NEW YORK | Two businessmen pleaded not guilty Thursday to conspiring with associates of Rudy Giuliani to make illegal campaign contributions.
David Correia and Andrey Kukushkin are among four men charged with using straw donors to make illegal contributions to politicians they thought could help their political and business interests, including committees supporting President Donald Trump and other Republicans.
Their next court date was set for Dec. 2.
Two other men charged in the case, Lev Parnas and Igor Fruman, worked with Giuliani to try to get Ukrainian officials to investigate the son of Democrat Joe Biden. Giuliani, Trump’s personal lawyer, has said he had no knowledge of illegal donations.
Prosecutors say Correia and Kukushkin teamed with Parnas and Fruman in a separate scheme to make illegal campaign donations to politicians in several states in an attempt to get support for a new recreational marijuana business.
Money for those donations was actually supplied, prosecutors say, by an unidentified foreign national with “Russian roots.”
Officials in California announced they would review the dozen state marijuana distribution licenses granted to a partnership involving Kukushkin to make sure there were no improprieties, the Los Angeles Times reported Thursday.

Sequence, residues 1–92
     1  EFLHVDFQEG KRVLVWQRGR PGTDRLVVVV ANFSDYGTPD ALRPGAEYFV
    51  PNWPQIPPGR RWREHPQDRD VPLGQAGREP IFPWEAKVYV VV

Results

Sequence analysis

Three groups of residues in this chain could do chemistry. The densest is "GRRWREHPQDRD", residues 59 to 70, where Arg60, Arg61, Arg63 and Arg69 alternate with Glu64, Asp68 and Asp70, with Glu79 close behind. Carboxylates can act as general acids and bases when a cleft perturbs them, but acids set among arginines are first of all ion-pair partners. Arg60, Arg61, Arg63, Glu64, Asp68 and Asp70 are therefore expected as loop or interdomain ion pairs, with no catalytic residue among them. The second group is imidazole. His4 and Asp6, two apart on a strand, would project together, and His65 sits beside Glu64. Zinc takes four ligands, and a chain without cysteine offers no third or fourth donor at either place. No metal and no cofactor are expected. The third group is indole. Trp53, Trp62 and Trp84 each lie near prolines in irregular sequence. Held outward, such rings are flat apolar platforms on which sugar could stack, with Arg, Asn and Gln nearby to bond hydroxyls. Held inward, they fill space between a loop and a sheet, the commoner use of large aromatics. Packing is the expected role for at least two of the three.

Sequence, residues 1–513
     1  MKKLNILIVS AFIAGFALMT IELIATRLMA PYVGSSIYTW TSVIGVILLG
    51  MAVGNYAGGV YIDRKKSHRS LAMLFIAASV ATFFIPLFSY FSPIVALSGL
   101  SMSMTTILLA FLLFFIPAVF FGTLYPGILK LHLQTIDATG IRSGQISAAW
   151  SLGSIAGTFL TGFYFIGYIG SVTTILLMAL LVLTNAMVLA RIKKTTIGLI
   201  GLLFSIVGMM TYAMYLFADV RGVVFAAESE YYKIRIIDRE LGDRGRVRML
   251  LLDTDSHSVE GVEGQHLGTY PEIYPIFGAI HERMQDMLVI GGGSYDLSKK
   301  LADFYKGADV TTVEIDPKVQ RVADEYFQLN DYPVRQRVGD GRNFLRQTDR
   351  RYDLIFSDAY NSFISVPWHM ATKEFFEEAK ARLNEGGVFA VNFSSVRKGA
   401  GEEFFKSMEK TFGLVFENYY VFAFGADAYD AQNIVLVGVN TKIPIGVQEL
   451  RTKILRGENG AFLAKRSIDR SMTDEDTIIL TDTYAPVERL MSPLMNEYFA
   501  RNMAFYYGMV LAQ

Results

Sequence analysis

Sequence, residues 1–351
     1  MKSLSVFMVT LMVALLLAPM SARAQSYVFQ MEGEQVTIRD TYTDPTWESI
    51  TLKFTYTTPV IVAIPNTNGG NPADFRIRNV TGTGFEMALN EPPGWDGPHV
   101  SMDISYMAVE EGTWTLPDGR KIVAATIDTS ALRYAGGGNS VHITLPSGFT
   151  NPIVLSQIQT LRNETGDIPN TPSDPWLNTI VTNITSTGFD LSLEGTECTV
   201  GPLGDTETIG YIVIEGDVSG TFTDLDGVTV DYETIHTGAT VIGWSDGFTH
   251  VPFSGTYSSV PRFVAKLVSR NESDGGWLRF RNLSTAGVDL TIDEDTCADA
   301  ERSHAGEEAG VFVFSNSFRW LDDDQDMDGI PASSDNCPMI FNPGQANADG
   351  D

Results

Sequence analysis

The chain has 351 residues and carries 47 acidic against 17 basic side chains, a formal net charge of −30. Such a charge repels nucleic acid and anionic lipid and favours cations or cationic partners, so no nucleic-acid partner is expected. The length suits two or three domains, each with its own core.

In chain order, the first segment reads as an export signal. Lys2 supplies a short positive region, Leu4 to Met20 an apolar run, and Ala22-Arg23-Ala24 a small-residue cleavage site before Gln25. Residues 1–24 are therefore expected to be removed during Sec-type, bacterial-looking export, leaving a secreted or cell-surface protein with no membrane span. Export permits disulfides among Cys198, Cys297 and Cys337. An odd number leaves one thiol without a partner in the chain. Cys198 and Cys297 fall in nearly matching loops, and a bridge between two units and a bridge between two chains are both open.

“We always have concerns when something like that happens, so we want to do our due diligence and look at them,” said Lori Ajax, chief of the California Bureau of Cannabis Control.
All the state licenses issued to the partnership of Garib Karapetyan and Kukushkin are provisional permits, Ajax said, pending detailed background checks and disclosure of major investors.
Karapetyan’s attorney, Brad Hirsch, said his clients are in complete compliance with all regulations.
Separately, Sacramento Mayor Darrell Steinberg called for an investigation of his city’s permit system to determine how Kukushkin and another businessman obtained nearly one-third of the licenses issued by the city.
All the defendants are U.S. citizens, but Kukushkin and Parnas were born in Ukraine and Fruman in Belarus.
This story has been updated to correct the spelling of a defendant’s name in one instance to Parnas, instead of Parnus.